History and Etymology for rejuvenate

re- + Latin juvenis young — more at young

Keep scrolling for more

Learn More about rejuvenate

Time Traveler for rejuvenate

Time Traveler

The first known use of rejuvenate was in 1742

See more words from the same year

Listen to Our Podcast about rejuvenate

Statistics for rejuvenate

Last Updated

20 Nov 2019

Cite this Entry

“Rejuvenate.” The Dictionary, Merriam-Webster Inc., Accessed 21 November 2019.

Keep scrolling for more

More Definitions for rejuvenate


How to pronounce rejuvenate (audio)

English Language Learners Definition of rejuvenate

: to make (someone) feel or look young, healthy, or energetic again
: to give new strength or energy to (something)


re·​ju·​ve·​nate | \ ri-ˈjü-və-ˌnāt How to pronounce rejuvenate (audio) \
rejuvenated; rejuvenating

Medical Definition of rejuvenate

transitive verb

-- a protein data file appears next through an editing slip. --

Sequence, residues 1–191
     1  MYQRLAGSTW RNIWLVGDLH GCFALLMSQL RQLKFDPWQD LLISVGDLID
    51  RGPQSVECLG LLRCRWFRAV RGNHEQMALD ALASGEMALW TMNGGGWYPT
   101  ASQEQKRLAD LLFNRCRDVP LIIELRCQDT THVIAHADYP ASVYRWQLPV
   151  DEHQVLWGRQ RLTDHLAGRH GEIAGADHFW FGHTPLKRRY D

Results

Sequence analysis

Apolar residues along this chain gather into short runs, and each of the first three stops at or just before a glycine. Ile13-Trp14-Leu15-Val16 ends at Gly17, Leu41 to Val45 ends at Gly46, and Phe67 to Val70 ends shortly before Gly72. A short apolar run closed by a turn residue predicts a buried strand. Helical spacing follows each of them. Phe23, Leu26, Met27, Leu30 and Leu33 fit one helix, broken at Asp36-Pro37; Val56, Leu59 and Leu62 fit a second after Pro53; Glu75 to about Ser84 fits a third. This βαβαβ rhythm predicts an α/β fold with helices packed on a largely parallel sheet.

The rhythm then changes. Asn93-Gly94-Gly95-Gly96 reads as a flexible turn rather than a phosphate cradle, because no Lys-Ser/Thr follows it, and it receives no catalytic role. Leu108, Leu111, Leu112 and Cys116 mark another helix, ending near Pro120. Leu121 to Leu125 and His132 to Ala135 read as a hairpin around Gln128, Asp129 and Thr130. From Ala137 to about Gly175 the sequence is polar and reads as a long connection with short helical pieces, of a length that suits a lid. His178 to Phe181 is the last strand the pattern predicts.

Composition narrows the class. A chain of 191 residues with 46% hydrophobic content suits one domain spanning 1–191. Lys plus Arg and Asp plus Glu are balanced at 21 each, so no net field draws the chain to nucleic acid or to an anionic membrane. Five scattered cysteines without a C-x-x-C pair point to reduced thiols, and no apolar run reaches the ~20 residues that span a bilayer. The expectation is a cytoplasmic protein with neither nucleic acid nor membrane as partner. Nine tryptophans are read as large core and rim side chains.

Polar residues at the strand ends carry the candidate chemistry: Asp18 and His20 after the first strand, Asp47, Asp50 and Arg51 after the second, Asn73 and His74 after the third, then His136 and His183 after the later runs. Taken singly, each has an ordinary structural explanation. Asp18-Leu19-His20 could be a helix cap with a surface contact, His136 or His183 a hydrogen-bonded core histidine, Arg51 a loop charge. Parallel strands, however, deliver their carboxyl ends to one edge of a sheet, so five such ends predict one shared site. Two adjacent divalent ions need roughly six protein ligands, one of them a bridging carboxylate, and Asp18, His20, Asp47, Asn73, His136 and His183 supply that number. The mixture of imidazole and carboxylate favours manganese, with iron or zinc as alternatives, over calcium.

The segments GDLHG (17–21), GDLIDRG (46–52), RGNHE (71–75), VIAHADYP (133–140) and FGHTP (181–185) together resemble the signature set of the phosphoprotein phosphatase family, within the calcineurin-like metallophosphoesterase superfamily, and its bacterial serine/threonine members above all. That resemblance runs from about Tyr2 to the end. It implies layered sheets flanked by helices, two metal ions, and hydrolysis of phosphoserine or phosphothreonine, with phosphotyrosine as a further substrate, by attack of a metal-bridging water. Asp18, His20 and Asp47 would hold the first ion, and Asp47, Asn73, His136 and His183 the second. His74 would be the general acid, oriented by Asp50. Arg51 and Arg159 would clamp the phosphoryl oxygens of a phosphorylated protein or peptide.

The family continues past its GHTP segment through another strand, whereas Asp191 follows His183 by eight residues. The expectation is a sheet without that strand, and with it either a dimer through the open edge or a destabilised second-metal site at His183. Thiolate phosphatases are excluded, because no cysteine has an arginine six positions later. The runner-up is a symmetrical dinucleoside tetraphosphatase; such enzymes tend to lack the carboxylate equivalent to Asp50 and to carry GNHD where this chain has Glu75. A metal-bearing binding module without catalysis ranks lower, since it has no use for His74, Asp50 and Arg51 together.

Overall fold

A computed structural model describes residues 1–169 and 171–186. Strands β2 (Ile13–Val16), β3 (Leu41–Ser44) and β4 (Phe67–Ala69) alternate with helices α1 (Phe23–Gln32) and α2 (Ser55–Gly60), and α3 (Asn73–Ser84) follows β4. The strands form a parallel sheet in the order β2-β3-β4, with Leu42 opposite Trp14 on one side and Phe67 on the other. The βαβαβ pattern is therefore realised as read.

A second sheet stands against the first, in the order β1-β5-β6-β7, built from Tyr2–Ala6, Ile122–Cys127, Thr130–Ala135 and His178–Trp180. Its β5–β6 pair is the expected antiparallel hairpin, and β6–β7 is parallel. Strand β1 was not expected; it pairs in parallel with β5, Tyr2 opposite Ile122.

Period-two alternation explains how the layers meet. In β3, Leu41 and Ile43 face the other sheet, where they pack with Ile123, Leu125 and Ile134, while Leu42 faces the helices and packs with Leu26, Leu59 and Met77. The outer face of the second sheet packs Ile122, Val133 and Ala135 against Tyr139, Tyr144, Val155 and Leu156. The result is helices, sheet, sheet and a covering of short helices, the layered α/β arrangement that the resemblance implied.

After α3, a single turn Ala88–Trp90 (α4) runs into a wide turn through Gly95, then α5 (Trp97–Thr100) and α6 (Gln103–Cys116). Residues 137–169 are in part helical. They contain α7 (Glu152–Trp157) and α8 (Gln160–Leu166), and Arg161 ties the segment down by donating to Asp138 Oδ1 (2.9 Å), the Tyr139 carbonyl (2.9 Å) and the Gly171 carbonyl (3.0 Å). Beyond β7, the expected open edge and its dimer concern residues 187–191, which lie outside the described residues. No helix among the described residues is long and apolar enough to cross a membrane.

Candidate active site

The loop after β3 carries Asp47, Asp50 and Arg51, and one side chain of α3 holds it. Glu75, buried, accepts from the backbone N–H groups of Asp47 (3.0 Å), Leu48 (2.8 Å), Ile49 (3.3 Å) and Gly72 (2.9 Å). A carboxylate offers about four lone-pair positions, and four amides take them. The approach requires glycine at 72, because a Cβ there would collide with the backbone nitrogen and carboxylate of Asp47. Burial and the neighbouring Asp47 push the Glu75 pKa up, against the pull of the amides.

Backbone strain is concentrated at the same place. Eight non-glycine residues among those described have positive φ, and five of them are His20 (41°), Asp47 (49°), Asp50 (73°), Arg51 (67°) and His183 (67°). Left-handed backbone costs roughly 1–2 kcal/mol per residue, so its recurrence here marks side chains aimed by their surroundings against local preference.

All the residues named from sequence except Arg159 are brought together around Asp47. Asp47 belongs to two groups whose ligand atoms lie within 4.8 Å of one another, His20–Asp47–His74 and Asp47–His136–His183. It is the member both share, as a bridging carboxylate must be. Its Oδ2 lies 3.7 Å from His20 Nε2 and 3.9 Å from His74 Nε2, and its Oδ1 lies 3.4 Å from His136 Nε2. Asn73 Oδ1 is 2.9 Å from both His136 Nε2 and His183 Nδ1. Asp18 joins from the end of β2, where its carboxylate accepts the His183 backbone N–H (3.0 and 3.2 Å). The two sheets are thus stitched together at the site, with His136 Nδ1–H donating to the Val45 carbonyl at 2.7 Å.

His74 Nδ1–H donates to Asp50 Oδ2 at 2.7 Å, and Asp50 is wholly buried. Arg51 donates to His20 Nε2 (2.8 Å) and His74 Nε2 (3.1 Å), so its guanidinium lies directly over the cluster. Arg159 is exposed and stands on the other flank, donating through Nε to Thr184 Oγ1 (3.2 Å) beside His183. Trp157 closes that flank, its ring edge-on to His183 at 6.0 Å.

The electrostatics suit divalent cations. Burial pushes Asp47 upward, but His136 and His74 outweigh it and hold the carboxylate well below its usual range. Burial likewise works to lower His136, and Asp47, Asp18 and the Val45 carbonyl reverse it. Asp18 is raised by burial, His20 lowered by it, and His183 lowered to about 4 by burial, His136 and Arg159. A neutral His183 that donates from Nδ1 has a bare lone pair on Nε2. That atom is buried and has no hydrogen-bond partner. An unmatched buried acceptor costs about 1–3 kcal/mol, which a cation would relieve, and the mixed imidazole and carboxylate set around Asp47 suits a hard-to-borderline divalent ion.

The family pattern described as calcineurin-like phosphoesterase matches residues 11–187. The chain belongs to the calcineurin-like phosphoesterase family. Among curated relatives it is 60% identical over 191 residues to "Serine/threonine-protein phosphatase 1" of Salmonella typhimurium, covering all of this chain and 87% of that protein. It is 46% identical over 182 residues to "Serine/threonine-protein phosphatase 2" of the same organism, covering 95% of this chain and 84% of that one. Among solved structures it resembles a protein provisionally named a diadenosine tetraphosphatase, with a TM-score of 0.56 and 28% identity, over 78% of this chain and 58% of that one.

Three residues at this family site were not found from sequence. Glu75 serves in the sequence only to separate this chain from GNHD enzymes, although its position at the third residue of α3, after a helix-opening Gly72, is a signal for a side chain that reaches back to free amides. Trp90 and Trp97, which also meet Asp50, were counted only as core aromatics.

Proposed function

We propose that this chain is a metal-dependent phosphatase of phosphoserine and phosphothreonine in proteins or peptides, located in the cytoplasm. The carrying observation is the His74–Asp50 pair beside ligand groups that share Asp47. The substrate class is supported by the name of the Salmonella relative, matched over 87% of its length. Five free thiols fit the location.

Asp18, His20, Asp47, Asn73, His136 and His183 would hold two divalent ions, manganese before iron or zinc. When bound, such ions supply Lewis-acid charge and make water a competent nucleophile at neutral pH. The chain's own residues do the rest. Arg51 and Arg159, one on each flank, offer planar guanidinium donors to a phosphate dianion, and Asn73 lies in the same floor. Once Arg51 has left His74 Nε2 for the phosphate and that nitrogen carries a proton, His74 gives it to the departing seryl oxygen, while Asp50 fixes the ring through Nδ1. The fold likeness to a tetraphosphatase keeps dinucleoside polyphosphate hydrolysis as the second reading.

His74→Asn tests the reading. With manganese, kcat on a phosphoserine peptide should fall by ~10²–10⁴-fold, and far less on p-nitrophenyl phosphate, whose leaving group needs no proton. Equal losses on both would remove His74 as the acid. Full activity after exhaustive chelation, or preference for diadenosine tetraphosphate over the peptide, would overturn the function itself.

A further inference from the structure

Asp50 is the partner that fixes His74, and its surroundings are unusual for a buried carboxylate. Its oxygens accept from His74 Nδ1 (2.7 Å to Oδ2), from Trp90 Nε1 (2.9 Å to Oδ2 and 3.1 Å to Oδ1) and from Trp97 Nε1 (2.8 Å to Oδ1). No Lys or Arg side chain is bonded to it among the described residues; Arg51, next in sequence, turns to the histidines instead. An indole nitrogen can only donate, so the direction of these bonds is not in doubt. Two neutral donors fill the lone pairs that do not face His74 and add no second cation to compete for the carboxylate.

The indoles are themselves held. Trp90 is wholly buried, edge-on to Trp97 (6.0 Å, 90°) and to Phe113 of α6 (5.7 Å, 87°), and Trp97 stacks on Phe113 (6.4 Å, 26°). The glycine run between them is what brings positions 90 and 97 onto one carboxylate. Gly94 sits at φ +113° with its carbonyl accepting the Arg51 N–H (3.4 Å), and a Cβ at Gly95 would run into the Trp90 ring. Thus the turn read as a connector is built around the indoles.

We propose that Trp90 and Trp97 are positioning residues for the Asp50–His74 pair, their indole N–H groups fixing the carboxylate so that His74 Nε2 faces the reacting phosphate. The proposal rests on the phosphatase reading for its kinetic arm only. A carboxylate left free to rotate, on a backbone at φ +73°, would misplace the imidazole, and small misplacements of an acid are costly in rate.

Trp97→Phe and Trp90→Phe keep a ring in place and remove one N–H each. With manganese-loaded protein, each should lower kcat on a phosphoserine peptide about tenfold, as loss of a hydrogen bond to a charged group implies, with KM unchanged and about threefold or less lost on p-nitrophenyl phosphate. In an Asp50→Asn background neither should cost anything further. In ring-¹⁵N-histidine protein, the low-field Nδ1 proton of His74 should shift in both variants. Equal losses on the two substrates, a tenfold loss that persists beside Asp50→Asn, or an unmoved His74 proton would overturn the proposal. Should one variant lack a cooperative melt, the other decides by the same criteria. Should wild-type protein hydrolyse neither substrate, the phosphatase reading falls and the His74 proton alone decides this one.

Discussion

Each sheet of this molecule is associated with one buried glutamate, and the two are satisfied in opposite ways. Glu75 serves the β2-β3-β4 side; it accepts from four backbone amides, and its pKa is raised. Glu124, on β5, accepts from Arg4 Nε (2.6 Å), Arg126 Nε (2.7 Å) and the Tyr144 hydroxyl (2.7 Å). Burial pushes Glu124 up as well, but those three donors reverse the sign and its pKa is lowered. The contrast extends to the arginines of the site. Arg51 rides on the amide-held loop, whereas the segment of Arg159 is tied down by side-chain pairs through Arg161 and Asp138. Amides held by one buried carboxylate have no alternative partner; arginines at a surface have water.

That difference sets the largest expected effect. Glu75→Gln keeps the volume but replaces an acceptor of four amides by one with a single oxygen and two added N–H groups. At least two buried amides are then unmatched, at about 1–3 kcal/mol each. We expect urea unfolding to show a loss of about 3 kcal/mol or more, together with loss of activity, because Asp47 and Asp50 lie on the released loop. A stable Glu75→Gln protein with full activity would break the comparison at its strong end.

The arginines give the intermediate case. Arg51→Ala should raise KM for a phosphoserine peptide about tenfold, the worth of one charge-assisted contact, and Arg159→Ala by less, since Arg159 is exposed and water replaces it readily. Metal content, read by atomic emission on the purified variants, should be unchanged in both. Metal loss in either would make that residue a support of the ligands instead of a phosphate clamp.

: to make young or youthful again specifically : to restore sexual vigor in (as by hormones or an operation)

intransitive verb

: to cause or undergo a renewal of youthfulness

Other Words from rejuvenate

rejuvenation \ ri-​ˌjü-​və-​ˈnā-​shən, ˌrē-​ How to pronounce rejuvenation (audio) \ noun
rejuvenator \ ri-​ˈjü-​və-​ˌnāt-​ər How to pronounce rejuvenator (audio) \ noun

Keep scrolling for more

More from Merriam-Webster on rejuvenate

Thesaurus: All synonyms and antonyms for rejuvenate

Rhyming Dictionary: Words that rhyme with rejuvenate

Spanish Central: Translation of rejuvenate

Nglish: Translation of rejuvenate for Spanish Speakers

Comments on rejuvenate

What made you want to look up rejuvenate? Please tell us where you read or heard it (including the quote, if possible).


strength of mind

Get Word of the Day daily email!

Test Your Vocabulary

Name that Food Quiz

Spell It

Can you spell these 10 commonly misspelled words?


Test Your Knowledge - and learn some interesting things along the way.

Love words? Need even more definitions?

Subscribe to America's largest dictionary and get thousands more definitions and advanced search—ad free!